National Climate Change Conference 2016 leads to significant reduction in CO2
During the National Climate Change Conference 2016, representatives from the business community, authorities and NGOs set down agreements aimed at reducing CO2 emissions by a total of 17.6 megatons. This was the finding of a study conducted by Ecofys. The reduction equates to 9 percent of total emissions in the Netherlands, which in turn is the equivalent of the CO2 emitted by 2.2 million households, or 7 million passenger cars. The conference is an initiative of Dutch Environment Minister Dijksma.
Minister Dijksma: ‘Today we have shown that we can accomplish a great deal if all of us join forces. Now, it’s all about continuing to work hard, executing the agreements and reducing CO2 emissions dramatically. Today we have shown how we will contribute to the Paris Agreement with real actions.’
Under the motto "Bring Paris Home", more than 170 participants attended the conference which was held in the former Van Nelle factory in Rotterdam. Many plans and initiatives were launched, and the seeds of new initiatives were sown. The result should be a significant reduction in the CO2 emitted in the Netherlands.
The three major contributions will come from the launching of the CO2 Smart Grid (storage and use of CO2), an initiative of some one hundred municipalities and provinces aimed at creating gas-free neighbourhoods, and new agreements between the government and businesses regarding saving energy.
The road after “Paris”
In addition to the initiatives launched today, the government is also continuing its work on realising the objectives of the historic Paris Agreement. The agreement will, happily, go into effect during the next global climate summit in Marrakesh. The bill proposing the ratification of the agreement will be presented to the House of Representatives this week.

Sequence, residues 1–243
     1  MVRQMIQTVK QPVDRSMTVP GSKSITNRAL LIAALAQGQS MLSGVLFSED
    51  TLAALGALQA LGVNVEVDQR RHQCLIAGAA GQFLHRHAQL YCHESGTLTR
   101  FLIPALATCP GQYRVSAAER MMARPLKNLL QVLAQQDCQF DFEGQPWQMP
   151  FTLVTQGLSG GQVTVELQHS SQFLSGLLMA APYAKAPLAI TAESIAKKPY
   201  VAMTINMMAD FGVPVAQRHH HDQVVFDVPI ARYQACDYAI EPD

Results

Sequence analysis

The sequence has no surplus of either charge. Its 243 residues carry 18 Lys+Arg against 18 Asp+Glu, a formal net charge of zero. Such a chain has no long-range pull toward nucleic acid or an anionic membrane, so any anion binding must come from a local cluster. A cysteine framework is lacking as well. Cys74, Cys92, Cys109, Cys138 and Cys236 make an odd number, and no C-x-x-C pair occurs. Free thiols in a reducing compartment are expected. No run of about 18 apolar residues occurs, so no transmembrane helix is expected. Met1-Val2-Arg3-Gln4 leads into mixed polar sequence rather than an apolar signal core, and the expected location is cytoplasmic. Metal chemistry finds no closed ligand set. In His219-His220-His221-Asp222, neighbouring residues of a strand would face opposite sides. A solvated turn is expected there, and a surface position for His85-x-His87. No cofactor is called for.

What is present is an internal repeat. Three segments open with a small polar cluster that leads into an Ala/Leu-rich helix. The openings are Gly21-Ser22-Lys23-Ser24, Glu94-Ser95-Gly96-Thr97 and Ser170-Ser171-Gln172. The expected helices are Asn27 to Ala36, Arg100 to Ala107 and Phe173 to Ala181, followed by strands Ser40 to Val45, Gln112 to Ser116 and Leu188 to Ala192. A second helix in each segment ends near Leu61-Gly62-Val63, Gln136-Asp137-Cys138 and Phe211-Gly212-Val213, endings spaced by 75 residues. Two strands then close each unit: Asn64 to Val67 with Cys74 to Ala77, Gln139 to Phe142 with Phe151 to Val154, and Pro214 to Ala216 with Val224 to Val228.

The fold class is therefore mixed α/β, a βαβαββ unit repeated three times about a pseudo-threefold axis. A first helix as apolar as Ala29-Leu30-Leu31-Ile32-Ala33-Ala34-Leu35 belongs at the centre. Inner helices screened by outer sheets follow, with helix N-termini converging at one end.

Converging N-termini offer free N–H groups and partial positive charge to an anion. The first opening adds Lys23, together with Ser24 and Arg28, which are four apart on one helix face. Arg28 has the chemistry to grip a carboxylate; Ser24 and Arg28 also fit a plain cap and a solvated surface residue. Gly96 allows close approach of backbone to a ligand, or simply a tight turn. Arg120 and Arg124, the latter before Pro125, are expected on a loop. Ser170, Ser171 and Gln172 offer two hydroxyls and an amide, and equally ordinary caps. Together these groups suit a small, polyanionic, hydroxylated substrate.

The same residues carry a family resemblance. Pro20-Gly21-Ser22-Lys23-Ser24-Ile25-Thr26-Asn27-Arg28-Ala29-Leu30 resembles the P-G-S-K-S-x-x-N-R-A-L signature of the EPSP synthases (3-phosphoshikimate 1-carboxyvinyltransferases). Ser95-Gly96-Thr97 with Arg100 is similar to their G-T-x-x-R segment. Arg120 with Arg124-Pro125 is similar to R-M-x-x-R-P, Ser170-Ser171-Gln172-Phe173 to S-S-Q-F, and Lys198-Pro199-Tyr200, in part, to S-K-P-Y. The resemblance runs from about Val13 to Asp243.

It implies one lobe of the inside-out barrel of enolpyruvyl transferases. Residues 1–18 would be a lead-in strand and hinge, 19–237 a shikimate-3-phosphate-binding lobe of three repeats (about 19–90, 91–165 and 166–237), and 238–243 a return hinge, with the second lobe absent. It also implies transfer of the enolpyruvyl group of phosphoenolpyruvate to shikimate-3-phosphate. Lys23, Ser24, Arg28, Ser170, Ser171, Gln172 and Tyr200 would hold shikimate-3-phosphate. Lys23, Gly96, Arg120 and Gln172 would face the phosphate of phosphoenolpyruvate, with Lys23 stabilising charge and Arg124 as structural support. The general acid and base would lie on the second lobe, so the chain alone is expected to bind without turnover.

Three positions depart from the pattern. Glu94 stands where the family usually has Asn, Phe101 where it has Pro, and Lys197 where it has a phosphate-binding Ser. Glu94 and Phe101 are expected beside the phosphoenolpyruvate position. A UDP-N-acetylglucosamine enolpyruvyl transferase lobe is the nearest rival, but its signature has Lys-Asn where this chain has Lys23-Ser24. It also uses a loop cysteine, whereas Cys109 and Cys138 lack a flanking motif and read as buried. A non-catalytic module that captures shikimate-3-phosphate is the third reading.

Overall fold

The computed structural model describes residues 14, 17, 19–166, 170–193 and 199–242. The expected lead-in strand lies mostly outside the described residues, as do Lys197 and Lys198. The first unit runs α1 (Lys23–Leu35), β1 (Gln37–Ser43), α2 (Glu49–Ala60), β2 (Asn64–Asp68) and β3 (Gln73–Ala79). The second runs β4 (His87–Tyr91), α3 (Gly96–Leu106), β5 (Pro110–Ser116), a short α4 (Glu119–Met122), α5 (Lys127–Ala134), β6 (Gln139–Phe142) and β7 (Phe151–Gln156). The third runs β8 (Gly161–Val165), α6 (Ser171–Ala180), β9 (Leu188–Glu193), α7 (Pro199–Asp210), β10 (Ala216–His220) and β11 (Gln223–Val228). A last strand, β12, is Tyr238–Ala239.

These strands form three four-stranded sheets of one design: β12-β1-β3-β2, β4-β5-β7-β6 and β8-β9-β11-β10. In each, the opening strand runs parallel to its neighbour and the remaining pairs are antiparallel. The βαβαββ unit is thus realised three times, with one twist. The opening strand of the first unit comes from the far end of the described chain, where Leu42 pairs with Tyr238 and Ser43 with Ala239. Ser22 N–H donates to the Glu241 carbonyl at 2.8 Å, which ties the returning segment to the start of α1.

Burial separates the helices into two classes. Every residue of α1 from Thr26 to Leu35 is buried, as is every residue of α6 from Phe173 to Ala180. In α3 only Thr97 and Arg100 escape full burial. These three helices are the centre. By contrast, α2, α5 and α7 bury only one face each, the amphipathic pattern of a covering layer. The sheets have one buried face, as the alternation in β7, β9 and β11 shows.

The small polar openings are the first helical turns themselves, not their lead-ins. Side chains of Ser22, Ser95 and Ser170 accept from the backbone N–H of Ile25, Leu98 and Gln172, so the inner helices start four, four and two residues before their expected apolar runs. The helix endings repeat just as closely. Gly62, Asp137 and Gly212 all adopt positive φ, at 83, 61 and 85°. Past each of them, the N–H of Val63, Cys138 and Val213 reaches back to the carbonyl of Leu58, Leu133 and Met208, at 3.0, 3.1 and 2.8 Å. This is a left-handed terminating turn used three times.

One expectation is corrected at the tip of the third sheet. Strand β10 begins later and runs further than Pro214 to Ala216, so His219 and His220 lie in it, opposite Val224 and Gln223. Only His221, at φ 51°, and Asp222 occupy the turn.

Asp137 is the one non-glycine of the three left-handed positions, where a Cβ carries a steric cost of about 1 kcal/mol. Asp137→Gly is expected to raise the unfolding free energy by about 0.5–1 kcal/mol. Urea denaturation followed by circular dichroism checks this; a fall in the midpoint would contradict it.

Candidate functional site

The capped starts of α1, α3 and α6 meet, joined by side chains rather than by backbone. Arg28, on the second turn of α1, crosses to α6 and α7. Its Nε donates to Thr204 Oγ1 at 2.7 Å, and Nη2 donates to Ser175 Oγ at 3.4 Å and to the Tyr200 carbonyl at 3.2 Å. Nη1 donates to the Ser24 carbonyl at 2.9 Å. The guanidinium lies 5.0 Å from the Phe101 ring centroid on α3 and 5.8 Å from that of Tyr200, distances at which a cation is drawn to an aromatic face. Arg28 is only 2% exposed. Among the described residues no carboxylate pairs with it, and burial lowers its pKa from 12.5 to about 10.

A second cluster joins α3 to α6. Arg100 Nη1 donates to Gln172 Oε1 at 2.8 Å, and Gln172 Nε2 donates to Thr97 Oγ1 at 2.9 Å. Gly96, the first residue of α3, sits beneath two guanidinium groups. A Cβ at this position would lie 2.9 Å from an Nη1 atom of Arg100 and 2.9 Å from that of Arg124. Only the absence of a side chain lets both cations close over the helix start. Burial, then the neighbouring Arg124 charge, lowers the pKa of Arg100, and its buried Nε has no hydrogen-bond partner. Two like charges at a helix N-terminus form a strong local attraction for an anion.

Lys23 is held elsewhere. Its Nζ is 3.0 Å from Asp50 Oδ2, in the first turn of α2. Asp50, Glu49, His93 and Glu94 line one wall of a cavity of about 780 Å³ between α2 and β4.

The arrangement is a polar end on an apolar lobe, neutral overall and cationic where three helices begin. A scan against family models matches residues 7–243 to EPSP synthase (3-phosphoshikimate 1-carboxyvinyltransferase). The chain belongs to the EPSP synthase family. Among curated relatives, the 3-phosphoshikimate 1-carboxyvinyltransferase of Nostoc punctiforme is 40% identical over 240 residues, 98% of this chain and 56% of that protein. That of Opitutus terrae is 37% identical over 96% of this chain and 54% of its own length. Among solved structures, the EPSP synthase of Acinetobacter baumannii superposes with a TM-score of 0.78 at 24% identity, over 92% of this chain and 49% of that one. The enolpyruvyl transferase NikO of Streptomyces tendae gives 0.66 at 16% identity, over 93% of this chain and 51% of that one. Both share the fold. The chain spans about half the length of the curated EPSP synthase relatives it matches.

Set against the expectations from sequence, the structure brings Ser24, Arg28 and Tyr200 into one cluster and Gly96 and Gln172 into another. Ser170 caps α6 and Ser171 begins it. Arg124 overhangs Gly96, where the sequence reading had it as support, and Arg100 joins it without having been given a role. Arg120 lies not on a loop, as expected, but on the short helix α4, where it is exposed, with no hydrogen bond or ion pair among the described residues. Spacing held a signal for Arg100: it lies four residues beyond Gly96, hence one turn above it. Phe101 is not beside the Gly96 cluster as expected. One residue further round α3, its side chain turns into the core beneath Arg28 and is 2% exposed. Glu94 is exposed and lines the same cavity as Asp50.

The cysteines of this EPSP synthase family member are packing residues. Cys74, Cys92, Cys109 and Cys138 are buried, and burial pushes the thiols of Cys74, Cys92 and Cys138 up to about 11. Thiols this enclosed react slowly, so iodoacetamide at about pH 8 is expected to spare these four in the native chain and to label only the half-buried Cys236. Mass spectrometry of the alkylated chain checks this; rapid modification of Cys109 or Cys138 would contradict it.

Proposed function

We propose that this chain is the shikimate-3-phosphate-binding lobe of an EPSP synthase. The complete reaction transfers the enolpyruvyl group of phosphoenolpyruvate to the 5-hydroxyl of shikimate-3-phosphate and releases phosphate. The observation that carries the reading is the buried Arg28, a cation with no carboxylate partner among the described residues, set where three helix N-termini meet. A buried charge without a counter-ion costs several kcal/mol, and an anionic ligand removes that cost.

The cabinet will implement the agreement through European measures and agreements as well as the SER Energy Agreement, through which the cabinet will be working with all its partners to achieve more renewable energy and energy savings.
The government is investigating if additional coal-fired power plants can be closed and, at the same time, is cooperating with local authorities on developing heat projects. Within the EU and globally, the cabinet is making a case for CO2 pricing, for example, by tightening up the EU emissions trading system (ETS). Moreover, work is being done on introducing CO2 pricing in other countries.
There was more good news from Montreal and Kigali, with agreements regarding CO2 in the aviation sector and the phasing-out of primary greenhouse gases.